There is a way of contriving an optimistic reading of the Kabul compound library, with scattered notes on weapon construction. We can say we don't have much to fear from people who need Atom Bombs for Dummies manuals. That's true, but also it is apparently true that not a great deal of sophistication is required, given presumptive knowledge of modern scientists, to piece together a nuclear device.
On the specific question of such weaponry in Afghanistan, we bear in mind that President Bush has declined to say that we know the enemy to be without a nuclear repository. Secretary of Defense Rumsfeld would go no further than that he "doubted" they had such weapons. We know that two Pakistani nuclear scientists sympathetic to the Taliban were brought in and questioned in Islamabad. Stretching away from believable commentators on the question, we get to the statement of Osama bin Laden, that in the event the United States used chemical or nuclear weapons he would retaliate in kind.
How far they are (were) from developing a dirty bomb is a fit study for the Rand Corp. in years to come. What is a fit subject for the moment is concern over the critical need to take the loose information we've gotten from the sorcerers' apprentices loose in Afghanistan and apply it to strategic action elsewhere, specifically, Iraq.
One reasons reasonably in the matter of nuclear weapons. If we learned at midnight that the Swiss had developed a nuclear bomb, we could turn over in our beds and go back to sleep. On the other hand, we know there are active leaders in the world who, if they had the stuff and could profitably deploy it, would not hesitate, for moral reasons, to do so.
Saddam Hussein used chemical weapons against the Kurds in northern Iraq. In decades to come it will strike Western moralists as simply unbelievable that, in the 1990s, the United States failed to force its hand against Iraq, notwithstanding that it had international sanction for probing the country for its little quarries of biological, chemical and nuclear weapons.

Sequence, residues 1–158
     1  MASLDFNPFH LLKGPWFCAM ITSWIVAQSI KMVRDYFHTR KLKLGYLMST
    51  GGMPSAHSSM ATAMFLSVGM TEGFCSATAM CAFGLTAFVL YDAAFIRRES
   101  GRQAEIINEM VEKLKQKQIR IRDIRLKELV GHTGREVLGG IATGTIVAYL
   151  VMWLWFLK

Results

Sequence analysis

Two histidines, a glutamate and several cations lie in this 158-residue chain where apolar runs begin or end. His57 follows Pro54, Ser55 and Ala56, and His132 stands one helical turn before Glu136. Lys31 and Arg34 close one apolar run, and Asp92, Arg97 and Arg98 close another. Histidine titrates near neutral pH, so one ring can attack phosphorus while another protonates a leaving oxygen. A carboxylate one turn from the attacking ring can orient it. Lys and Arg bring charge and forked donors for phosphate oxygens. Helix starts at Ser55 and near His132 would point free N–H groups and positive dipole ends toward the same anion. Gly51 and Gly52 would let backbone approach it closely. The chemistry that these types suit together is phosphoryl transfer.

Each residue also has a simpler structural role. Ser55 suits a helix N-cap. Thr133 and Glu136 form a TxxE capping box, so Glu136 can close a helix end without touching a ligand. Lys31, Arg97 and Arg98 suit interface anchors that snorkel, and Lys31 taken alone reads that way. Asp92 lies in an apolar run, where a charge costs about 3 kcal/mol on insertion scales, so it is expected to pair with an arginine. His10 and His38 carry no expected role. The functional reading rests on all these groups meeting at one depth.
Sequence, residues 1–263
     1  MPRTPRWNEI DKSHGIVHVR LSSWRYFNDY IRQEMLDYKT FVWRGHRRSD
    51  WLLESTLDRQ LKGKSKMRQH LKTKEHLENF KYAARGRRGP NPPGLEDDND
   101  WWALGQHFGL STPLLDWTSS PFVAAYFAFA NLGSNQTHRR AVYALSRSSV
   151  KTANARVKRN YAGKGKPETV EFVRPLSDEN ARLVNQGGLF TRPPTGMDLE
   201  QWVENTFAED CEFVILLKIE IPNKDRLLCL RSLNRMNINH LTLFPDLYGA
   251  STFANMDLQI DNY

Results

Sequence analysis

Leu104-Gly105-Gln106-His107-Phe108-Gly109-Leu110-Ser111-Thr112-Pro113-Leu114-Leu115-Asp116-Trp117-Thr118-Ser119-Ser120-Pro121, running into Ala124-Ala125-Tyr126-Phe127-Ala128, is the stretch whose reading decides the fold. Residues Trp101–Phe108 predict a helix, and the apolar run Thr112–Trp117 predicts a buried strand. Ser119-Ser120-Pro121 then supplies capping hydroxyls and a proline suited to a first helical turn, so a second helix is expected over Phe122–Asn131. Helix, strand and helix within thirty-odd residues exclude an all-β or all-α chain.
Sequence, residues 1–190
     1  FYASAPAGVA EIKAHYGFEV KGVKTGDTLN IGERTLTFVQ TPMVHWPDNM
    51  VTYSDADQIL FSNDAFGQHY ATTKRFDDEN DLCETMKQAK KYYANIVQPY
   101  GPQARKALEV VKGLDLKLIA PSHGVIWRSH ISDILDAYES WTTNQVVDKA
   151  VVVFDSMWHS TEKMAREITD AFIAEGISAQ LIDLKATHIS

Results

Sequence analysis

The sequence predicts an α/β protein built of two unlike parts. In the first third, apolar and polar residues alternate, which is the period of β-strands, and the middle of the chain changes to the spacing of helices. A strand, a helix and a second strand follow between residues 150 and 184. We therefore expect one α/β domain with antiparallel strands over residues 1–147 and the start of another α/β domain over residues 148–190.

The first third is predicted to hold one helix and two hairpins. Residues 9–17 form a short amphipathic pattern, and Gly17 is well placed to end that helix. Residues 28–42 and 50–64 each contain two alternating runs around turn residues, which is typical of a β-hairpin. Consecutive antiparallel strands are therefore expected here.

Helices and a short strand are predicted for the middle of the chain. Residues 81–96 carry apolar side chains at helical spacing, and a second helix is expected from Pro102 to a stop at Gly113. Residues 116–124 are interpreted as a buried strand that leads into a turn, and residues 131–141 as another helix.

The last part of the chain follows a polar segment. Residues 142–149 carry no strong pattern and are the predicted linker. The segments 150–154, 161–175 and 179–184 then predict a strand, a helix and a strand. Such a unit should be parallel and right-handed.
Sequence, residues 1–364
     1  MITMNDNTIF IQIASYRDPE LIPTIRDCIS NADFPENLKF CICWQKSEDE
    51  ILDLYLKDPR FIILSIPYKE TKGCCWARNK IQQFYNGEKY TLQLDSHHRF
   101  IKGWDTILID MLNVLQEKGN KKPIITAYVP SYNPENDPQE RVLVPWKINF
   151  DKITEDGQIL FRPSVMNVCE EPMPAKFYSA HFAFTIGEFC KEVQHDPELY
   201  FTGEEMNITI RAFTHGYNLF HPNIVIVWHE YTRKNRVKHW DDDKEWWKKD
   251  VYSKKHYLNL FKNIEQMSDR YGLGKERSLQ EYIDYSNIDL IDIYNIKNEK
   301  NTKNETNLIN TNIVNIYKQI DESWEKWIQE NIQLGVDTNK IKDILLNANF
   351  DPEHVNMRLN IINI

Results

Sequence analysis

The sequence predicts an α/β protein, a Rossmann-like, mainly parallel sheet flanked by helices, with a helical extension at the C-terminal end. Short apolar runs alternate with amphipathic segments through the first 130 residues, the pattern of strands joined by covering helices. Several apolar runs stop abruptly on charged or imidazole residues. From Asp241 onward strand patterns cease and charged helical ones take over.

With the confidence that has come to us this week on the tide of our achievements in Afghanistan, we need to press on in the direction of pursuing al-Qaida wherever it festers, and Iraq is the most qualified target.
In The New York Times, William Safire worried last week about the presidential decision to empower military courts to administer justice. He proposed an arresting compromise, namely to inform Osama bin Laden, or whoever is left in the crypt in which he is found, that we require the surrender of the al-Qaida organization wherever it is encysted, whether in Pakistan or in Libya or in the Philippines or in Indonesia: They must give themselves up or endure the relatively undiscriminating brunt of general wars in the style of ours against Afghanistan.
The idea of an ultimatum is appealing, and ours to Saddam Hussein would be: Remove yourself and your court to the island of Elba or on Day 3 the following airfields, arsenals and military camps will be bombed; on Day 5, the following industrial centers; on Day 7, the internal transportation system. Upon your removal, with guaranteed personal safety, an Iraqi unit will exercise power in Baghdad under a U.S./U.N. mandate to identify and eliminate every trace of atomic/biological/chemical research and material.
Remember, too, that we are discovering in Afghanistan the true human subculture, which is the response to liberation, expressed there by shaving beards and removing burqas from the women. After Iraq cooled down, even as France cooled down after Napoleon was finally, verifiably off, we could expect the relief, felt particularly in Iraq, and derivatively in humankind.